Yoghurt is one of the oldest fermented dairy foods in the world. Its origins date back to the dawn of civilisation. When humans began domesticating animals for milk production, milk’s short shelf life required solutions for storing it.
Like milk, yoghurt is a rich source of calcium and protein. And it provides other nutrients such as iodine, vitamins D, B2 and B12, and zinc.
Yet with all the various types, like Greek and liquid yoghurts, and ones with added fruits and probiotics, how do you know which one is healthiest?
Yoghurt is made by introducing certain bacteria into fresh milk – typically Streptococcus thermophilus and Lactobacillus delbrueckii subsp. bulgaricus.
Usually, both these bacteria are present in yoghurt and form the yoghurt starter culture. Their synergistic relationship is a key factor in the consistency of the final product. These cultures may also provide some health benefits, such as reducing the severity and duration of diarrhoea.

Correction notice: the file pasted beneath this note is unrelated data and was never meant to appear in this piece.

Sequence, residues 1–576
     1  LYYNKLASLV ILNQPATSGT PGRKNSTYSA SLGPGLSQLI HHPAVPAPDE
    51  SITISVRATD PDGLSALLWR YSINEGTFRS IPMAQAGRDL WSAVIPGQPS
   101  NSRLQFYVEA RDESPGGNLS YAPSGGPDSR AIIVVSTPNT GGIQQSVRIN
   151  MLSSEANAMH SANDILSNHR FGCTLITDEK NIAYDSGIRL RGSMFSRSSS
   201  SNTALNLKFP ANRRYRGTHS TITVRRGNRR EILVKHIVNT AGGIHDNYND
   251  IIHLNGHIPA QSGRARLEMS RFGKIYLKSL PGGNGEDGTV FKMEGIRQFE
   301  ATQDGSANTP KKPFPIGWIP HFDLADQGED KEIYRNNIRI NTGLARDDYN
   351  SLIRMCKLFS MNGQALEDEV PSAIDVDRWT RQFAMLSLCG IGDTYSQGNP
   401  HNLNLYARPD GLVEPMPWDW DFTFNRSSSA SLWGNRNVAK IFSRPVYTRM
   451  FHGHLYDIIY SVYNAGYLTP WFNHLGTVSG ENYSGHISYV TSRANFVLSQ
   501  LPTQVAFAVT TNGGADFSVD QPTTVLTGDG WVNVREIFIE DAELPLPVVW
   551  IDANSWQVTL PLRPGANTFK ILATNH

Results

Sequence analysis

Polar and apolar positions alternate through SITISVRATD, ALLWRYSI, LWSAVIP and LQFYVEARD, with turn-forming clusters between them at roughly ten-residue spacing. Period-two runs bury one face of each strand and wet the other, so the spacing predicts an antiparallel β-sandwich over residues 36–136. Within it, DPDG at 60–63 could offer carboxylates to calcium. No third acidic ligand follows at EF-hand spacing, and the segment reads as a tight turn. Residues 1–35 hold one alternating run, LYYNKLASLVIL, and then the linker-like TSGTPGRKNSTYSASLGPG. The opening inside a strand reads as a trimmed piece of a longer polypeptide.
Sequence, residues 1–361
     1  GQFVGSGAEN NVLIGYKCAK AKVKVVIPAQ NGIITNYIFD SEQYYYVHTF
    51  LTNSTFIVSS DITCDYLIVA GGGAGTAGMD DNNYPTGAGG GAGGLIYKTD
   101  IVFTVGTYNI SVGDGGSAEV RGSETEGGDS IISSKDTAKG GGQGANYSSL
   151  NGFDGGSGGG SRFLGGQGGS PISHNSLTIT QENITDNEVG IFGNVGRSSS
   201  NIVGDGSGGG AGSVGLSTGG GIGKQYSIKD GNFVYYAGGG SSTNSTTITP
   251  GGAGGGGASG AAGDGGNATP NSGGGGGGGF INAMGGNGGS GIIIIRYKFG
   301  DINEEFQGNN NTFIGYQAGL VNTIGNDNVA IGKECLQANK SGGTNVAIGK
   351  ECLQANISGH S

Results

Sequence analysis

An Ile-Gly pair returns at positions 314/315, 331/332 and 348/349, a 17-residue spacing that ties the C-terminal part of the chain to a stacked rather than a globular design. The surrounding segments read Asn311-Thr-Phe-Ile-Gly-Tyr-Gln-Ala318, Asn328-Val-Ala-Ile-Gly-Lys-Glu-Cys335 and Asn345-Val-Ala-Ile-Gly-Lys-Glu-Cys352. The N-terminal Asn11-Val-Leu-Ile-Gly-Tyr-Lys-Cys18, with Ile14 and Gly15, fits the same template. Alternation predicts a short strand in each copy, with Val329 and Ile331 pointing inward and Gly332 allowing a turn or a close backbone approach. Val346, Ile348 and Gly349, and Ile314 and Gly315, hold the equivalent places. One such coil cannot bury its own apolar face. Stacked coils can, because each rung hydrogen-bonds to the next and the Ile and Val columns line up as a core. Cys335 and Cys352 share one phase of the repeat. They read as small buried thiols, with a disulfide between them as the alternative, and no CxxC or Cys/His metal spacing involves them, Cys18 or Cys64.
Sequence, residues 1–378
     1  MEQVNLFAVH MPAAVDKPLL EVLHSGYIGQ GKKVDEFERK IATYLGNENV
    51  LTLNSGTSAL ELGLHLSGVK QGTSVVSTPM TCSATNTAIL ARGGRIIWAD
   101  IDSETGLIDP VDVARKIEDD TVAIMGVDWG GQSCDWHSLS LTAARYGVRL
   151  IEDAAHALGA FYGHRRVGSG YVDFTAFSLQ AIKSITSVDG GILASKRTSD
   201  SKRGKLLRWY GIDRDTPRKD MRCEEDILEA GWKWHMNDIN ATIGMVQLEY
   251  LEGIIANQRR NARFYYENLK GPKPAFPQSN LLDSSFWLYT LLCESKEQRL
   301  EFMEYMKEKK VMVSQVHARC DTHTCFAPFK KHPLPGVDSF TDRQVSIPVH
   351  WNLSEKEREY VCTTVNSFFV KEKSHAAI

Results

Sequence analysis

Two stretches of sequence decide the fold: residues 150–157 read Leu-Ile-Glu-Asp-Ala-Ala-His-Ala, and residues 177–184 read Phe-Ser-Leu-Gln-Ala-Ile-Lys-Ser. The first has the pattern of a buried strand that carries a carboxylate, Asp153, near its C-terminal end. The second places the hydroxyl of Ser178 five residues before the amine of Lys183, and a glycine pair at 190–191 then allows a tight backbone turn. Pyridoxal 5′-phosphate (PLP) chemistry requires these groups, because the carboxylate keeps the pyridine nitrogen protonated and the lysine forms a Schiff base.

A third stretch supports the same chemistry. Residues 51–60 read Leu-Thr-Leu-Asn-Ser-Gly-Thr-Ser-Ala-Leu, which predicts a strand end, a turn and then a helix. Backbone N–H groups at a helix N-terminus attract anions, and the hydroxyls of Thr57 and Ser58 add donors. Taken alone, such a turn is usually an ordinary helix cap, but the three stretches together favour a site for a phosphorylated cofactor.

The bacteria ferment the naturally occurring milk sugar (lactose) for energy and growth. During this process, lactose becomes lactic acid. The acidity development leads to the main milk protein, casein, breaking down and losing some of its elementary structure.
This partial breakdown results in the semi-solid, gel-like structure we know as yoghurt. The lactic acid is also responsible for yoghurt’s sour flavours, as well as helping it stay fresher for longer than milk.